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Translated by Rev. Canon Roberts
Book II Chapter 65: War with the Sabines, Aequi, and Volscians (Cont.)[468 BC]
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At daybreak the Romans, fresh from their undisturbed sleep, were led into action, and at the first charge broke the Volscians, worn out as they were with standing and want of sleep. It was, however, a retreat rather than a rout, for in their rear there were hills to which all behind the front ranks safely retired. When they reached the rising ground, the consul [Note 1] halted his army. The soldiers were with difficulty restrained, they clamoured to be allowed to follow up the beaten foe. The cavalry were much more insistent, they crowded round the general and loudly declared that they would go on in advance of the infantry. While the consul, sure of the courage of his men, but not reassured as to the nature of the ground, was still hesitating, they shouted that they would go on, and followed up their shouts by making an advance. Fixing their spears in the ground that they might be more lightly equipped for the ascent, they went up at a run. The Volscians hurled their javelins at the first onset, and then flung the stones lying at their feet upon the enemy as they came up. Many were hit, and through the disorder thus created they were forced back from the higher ground. In this way the Roman left wing was nearly overwhelmed, but through the reproaches which the consul cast upon his retreating men for their rashness as well as their cowardice, he made their fear give way to the sense of shame. At first they stood and offered a firm resistance, then when by holding their ground they had recovered their energies they ventured upon an advance. With a renewed shout the whole line went forward, and pressing on in a second charge they surmounted the difficulties of the ascent, and were just on the point of reaching the summit when the enemy turned and fled. With a wild rush, pursuers and fugitives almost in one mass dashed into the camp, which was taken. Those of the Volscians who succeeded in escaping made for Antium; thither the Roman army was led. After a few days' investment the place was surrendered, not owing to any unusual efforts on the part of the besiegers, but simply because after the unsuccessful battle and the loss of their camp the enemy had lost heart.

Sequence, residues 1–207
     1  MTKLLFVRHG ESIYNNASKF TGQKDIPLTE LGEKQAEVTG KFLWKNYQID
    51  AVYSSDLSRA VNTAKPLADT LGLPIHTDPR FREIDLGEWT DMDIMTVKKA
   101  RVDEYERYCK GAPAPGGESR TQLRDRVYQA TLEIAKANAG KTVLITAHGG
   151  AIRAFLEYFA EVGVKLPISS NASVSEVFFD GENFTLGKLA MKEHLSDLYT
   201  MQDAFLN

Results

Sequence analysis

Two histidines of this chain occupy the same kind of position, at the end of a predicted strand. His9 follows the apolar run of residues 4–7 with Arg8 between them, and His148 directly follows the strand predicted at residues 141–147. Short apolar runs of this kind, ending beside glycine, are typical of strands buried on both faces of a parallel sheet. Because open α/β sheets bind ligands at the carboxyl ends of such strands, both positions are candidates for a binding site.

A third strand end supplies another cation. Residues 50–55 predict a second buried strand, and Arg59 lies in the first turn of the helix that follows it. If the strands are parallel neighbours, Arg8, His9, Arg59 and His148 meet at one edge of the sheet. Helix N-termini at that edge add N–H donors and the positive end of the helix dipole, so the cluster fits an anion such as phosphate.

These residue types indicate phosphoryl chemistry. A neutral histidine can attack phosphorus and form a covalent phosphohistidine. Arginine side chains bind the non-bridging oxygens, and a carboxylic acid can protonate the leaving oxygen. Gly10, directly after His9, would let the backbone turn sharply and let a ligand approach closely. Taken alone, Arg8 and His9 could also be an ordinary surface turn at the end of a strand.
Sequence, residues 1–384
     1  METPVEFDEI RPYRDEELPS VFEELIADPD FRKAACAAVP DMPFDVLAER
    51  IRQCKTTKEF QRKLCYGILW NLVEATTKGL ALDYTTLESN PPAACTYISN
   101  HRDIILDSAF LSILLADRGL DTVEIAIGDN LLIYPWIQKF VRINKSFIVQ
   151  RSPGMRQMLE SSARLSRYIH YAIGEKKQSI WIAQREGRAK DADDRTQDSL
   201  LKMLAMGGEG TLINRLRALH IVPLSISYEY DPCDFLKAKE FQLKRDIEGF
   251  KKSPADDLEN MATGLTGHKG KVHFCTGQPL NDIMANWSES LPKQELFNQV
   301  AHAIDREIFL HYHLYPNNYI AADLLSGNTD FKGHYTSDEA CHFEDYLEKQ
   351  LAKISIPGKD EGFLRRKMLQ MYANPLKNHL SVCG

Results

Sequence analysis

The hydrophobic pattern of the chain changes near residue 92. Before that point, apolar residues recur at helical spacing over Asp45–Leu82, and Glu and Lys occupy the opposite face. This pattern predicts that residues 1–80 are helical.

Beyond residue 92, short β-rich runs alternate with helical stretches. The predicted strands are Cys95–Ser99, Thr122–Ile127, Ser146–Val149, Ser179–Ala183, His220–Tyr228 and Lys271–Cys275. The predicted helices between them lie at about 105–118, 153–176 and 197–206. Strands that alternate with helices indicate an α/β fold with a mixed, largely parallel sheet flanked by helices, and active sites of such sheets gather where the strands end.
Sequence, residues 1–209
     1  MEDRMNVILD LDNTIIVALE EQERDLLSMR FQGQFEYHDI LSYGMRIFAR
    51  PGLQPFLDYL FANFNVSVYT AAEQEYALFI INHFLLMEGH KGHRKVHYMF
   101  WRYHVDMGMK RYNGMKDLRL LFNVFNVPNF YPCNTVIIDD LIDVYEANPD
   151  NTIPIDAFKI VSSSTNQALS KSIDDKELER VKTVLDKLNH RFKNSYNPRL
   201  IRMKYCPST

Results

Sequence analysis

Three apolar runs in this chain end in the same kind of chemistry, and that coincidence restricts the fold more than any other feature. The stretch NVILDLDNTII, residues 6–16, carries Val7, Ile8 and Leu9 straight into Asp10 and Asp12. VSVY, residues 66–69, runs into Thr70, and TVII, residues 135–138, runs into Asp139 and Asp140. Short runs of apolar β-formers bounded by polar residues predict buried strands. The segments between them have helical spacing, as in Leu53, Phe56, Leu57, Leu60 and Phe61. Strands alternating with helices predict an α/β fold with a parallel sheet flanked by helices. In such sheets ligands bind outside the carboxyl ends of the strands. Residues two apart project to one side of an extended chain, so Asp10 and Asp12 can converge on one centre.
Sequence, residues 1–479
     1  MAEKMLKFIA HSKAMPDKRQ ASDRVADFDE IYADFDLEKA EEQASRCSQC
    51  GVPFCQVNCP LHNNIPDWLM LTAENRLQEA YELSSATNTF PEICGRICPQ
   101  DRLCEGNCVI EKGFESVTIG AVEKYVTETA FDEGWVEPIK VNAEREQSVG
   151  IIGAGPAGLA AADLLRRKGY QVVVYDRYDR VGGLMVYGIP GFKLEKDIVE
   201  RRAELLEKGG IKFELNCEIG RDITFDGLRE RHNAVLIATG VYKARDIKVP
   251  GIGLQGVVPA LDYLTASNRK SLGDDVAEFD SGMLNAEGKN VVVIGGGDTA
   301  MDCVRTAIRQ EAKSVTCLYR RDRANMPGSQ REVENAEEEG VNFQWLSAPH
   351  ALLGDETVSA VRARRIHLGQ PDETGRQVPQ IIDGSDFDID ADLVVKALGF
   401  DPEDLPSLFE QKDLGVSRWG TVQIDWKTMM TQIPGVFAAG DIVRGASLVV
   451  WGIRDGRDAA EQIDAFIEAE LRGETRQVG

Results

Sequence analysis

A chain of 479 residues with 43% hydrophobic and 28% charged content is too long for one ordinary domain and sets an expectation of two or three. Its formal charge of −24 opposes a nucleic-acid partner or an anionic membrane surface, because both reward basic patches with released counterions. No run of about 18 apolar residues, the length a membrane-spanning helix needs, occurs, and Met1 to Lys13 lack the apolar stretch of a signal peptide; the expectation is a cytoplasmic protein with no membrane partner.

Note 1: consul = Titus Quinctius